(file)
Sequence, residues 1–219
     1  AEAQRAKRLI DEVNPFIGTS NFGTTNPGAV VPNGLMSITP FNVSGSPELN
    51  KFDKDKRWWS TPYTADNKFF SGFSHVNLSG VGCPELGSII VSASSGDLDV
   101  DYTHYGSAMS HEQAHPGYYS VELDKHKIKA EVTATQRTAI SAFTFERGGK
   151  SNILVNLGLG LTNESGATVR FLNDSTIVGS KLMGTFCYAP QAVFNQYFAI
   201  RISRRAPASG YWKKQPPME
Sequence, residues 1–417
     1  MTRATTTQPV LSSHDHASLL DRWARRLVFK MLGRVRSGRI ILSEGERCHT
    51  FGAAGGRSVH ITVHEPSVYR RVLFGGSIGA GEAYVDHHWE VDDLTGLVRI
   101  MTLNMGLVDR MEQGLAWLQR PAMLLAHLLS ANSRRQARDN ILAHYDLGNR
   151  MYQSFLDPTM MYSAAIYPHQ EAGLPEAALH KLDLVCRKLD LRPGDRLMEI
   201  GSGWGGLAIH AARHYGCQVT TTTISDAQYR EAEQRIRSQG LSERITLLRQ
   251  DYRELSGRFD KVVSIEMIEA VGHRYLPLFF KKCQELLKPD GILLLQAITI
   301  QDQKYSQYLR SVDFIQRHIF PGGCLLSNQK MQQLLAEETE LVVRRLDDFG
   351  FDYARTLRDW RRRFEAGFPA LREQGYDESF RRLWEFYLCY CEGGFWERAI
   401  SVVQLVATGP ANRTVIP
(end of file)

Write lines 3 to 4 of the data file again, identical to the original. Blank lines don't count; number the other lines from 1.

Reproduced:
    51  KFDKDKRWWS TPYTADNKFF SGFSHVNLSG VGCPELGSII VSASSGDLDV
   101  DYTHYGSAMS HEQAHPGYYS VELDKHKIKA EVTATQRTAI SAFTFERGGK